It gives an intriguing picture of seminary training before the radical changes to the priesthood that followed the Second Vatican Council. I speak from experience. From 1959 to 1962, I attended a junior seminary in Australia. The routine of that junior seminary was pretty much the same as that depicted here in America in 2016.

Recommended viewing.

Moving towards a Feminist Church?

On The Bridge, the blog of the National Centre for Evangelisation, one finds this post: The Women of the Australian Catholic Bishops Conference. The unidentified author does indeed talk about the women of the Australian Catholic Bishop’s conference, but central is the boast below:

For many decades now, we have known that women make up the majority of those attending Mass and participating in parish ministries. Data from the 2016 National Church Life Survey shows that women hold 65 per cent of all leadership and ministry roles in parishes. These roles include lectors, special ministers of the Eucharist, leaders of prayer, youth or discussion groups, members of parish councils and so on. Overall, 42% of women who are part of parish life have a leadership role, compared with 38% of men. Recent data from Catholic dioceses reveal that significant percentages of women also have roles as chairs (56%) and members (45%) of pastoral councils and as members of safeguarding councils (49%).[1]

The contribution of women is not only limited to voluntary roles in parishes. Within the Church, there are over 3000 organisations that employ more than 220,000 people, and 77 per cent of these roles are occupied by women.[2] This is significant when compared with Australian society in general, where females make up only 46 per cent of the Australian workforce.

Across all the sectors, the presence of women is largely seen in education, health and aged care. But dioceses and parishes remain places where women contribute significantly. Around 78 per cent of all those employed in this part of the Church are women. Overall, within all Church organisations, women contribute not only through administrative roles but also as professionals, where 61 per cent of all professional roles are held by women… It may also surprise some to know that 47 per cent of the key advisors to the Bishops Conference are women.

Information about the National Centre for Evangelisation says the centre is ‘at the service of proclaiming the Good News of Jesus Christ in Australia.’ Indeed, the key purpose of evangelisation. But I wonder.

The women must be congratulated for their success. Perhaps it’s not just a boast. Behind the statistics lurks an imbalance of power and position between male and (lower-ranked) female executives, suggesting a correction is required – on moral grounds. I leave aside here a question of logic. Philosopher David Hume famously (and debatably) said you don’t get an ‘ought’ from an ‘is’. However so, there is no necessary logical connection between the factual observation of an imbalance and an alleged requirement to correct it.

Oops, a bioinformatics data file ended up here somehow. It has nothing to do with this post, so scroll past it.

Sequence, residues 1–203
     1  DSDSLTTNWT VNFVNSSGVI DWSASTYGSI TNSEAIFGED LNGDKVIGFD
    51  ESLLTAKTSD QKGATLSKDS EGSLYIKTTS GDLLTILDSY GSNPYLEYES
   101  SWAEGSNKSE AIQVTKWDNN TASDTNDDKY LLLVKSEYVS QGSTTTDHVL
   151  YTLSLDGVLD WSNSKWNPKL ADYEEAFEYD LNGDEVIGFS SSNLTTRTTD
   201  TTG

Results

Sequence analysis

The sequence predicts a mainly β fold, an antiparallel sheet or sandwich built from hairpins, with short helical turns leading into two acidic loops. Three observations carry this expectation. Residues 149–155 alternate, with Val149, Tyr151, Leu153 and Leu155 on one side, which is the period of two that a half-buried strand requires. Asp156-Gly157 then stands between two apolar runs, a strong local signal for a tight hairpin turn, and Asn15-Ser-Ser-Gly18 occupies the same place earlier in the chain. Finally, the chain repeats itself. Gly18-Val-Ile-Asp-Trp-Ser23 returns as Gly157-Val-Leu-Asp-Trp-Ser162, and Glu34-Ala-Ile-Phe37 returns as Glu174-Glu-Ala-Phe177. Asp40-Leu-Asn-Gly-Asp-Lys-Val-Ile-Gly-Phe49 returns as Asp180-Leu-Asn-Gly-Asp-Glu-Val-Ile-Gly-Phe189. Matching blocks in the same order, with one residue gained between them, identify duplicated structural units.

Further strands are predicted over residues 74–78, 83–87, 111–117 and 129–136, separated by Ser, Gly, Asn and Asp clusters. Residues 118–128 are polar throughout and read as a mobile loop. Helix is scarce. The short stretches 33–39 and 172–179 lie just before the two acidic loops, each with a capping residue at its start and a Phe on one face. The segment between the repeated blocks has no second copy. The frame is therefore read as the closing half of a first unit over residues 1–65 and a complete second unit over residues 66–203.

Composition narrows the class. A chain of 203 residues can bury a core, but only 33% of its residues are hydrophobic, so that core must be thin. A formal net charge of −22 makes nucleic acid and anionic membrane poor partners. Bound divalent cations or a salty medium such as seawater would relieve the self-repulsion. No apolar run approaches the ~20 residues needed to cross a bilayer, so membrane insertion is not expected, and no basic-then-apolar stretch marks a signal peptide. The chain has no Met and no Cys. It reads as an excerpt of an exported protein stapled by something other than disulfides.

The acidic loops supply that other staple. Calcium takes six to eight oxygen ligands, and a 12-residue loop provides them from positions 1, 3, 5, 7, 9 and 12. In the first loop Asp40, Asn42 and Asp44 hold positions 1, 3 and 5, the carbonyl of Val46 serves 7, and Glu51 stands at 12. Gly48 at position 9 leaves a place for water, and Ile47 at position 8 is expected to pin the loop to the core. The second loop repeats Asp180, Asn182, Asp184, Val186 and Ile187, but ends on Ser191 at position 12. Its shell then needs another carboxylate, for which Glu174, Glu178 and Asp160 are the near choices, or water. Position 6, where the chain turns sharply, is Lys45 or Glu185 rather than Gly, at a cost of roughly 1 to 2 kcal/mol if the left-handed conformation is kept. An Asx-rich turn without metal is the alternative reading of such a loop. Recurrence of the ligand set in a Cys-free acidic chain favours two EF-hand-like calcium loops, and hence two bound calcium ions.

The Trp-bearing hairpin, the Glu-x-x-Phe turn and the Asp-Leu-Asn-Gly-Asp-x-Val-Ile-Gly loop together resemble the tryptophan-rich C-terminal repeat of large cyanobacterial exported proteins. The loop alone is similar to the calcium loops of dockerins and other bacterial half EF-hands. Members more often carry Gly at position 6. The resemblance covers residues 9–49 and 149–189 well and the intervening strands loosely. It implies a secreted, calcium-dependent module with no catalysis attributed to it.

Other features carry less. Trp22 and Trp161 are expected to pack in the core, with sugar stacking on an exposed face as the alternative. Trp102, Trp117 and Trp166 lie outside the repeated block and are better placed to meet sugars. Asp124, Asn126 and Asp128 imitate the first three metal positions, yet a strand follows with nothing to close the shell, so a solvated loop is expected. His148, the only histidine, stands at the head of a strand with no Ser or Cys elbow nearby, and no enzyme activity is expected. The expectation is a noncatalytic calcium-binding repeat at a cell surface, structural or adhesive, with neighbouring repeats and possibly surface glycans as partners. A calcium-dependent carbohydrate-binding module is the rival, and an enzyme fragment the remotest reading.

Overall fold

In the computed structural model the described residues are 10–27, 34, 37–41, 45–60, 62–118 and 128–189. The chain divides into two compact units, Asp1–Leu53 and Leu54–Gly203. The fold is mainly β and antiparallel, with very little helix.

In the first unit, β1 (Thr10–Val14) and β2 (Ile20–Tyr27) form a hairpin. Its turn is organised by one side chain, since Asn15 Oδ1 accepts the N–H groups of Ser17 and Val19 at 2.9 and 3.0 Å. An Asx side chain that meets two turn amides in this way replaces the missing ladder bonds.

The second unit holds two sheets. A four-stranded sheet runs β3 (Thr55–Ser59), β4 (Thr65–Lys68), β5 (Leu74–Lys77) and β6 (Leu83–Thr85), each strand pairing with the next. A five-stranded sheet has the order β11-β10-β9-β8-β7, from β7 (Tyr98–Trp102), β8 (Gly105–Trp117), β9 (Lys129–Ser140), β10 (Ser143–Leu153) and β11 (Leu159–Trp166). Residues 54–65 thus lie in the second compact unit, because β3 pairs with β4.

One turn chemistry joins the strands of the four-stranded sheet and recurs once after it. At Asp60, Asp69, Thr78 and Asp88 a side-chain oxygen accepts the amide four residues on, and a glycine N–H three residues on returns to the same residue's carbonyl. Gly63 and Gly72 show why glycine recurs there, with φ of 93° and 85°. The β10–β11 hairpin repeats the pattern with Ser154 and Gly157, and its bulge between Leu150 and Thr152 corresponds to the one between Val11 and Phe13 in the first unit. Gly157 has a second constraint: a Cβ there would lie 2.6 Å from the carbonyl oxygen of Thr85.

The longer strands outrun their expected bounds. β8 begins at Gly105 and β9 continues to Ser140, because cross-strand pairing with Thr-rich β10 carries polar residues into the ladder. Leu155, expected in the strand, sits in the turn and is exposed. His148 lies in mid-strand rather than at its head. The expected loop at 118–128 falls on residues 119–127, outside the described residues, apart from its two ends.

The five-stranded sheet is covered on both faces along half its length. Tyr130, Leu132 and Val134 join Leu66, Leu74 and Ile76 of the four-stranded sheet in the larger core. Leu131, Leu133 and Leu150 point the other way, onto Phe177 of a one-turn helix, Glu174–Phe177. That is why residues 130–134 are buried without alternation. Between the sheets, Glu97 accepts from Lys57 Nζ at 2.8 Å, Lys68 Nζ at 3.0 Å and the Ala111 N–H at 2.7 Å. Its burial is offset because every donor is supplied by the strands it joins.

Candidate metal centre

But let’s allow the moral prescription. What then? Well, if you rigorously work out the prescription, you arrive at female ordination and episcopal consecration. Is this in the mind of the author of this blog, and those cited as female leaders? On the evidence here, I don’t know. Female Catholic leaders elsewhere are more explicit.

How many men could or would want to be part of a feminist church? Or am I getting too far ahead of myself?

Australia Day and the rest

On my Edmund Burke website, I have been making a series of comments on the radical left’s campaign to create a double Australia, an apartheid Australia, in which the ordinary Australian supports a superior caste of people based on race.

‘Indigenous historian’, Bruce Pascoe, wrote the following in his ABC-supported bestseller, DARK EMU.

Not only did Aborigines invent democracy, pioneer humankind’s first complex fishing systems and bake the first loaf of bread, they were agriculturalists with skills superior to those of the white colonisers who took their land and despoiled it. (p.1)

Preposterous claims, of course, that cannot be verified on the evidence. Peter O’Brien refutes Pascoe’s attempt to reinvent and fabricate Aboriginal history and culture in his Bitter Harvest: The illusion of Aboriginal agriculture in Bruce Pascoe’s Dark Emu.

It is fine to point out the superiority of Aboriginal culture, but a dastardly racist act to assert Aboriginal culture, pre-settlement, was a primitive stationary culture in which its members, by virtue of that culture, lived a life that was ‘nasty brutish and short.’

Aboriginals and Australians of Aboriginal ancestry have an infinitely greater of chance of thriving in our present European Society. Indeed, there are examples of ‘indigenous’ fat cats all through the public service and government-funded enterprises.

The Cardinal Pell affair has SHIFTED to Edmund Burke Society site

NOTICE

The pages about the Cardinal Pell Affair have been transferred to my Edmund Burke Society (Aust) website.

As a preeminent political and social issue, it belongs on the Burke website

All comments and records about this most shocking episode in Australian history will from now be on the Burke website. Indeed, the Pell Affair is of Burkean proportions. This screaming miscarriage of justice is an accurate measure of how corrupted Australia has become from its foundations.

Writer … and still in the fifties